Back from my first visit to the Hungarian capital Budapest I found myself with a wealth of memories. From chaotic ruin bars to elegant squares, historic castles to modern art galleries – Budapest is a complex mix of styles and atmospheres.
This is a multi-layered city which could take years to discover in depth. But with only a few days and armed with the latest version of The Rough Guide to Budapest, I did my best to sample some of the city’s attractions.
The guide usefully addresses the city neighbourhood by neighbourhood. Most visitors, like me, start their visit in the popular Belvaros inner city area, with its shops, cafes and promenades. Here we also find insights into Hungary’s rich history by exploring down the embankment of The Danube. The Rough guide not only gives interesting information on main sites such as the Cathedral of the Dominion Greek Orthodox church but also directs us to quirkier finds such as the Underground Railway Museum.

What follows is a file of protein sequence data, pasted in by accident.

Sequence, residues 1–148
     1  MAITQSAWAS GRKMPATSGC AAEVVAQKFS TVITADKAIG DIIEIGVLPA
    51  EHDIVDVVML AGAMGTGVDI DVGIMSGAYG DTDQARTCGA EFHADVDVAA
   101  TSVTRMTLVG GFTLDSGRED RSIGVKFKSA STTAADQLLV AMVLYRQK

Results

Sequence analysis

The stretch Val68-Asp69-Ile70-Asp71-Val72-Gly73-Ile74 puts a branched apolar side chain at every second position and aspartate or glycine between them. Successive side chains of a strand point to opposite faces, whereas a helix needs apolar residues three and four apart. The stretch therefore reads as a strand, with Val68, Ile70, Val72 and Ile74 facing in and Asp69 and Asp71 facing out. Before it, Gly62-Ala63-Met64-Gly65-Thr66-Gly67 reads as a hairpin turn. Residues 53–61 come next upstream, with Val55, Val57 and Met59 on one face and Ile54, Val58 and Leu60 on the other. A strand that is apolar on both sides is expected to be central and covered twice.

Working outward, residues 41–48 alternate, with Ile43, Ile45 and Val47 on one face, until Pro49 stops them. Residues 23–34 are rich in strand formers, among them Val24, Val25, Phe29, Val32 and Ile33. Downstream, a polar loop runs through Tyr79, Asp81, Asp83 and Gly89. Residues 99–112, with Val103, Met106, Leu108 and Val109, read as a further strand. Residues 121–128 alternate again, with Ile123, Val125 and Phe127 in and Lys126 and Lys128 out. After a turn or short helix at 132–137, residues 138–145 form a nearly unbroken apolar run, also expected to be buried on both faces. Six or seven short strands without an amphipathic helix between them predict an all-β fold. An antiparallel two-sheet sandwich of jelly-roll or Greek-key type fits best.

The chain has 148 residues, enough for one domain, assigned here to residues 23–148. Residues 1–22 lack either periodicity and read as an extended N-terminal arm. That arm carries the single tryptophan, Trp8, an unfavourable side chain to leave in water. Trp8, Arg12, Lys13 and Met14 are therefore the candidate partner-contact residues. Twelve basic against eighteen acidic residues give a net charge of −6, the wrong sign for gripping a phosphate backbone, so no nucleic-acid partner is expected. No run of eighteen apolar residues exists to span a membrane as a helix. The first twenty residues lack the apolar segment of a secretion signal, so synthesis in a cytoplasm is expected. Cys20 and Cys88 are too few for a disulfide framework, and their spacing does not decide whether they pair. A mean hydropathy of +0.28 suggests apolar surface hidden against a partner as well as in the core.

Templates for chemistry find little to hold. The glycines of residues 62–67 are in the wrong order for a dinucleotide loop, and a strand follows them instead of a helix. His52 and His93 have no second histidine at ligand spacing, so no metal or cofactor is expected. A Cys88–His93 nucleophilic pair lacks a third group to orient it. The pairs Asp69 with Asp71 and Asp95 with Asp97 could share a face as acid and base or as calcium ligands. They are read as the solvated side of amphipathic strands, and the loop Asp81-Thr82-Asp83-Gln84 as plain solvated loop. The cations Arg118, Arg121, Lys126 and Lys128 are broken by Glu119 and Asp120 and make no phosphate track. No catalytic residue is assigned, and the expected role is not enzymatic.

Close by are the Erzebetvaros and Jozsefvaros districts where I enjoyed stroll around the Jewish Quarter. The Great Synagogue is a good starting point and this area also gave me my fist introduction to ruin bars – built in abandoned buildings these colourful and lively bars are a Budapest must-do.
Away from the central attractions, Budapest is diverse. Until 1873 Buda on the hilly west bank and Pest on the east were two different cities and they still retain distinct personalities; Buda older and classy with its Castle Hill (Var) and Pest with its bustling atmosphere and fascinating Art Nouveau architecture. Don’t miss the thermal baths – of which there are over 100. And when you get hungry there is no shortage of good cafes and restaurants. Hungarian food is hearty and delicious and The Rough Guide does a good job of providing comprehensive listings to suit all palettes.
The Rough Guide to Budapest, 7th edition. Published January 2018.
Follow this link to buy the book: https://amzn.to/2toAuJD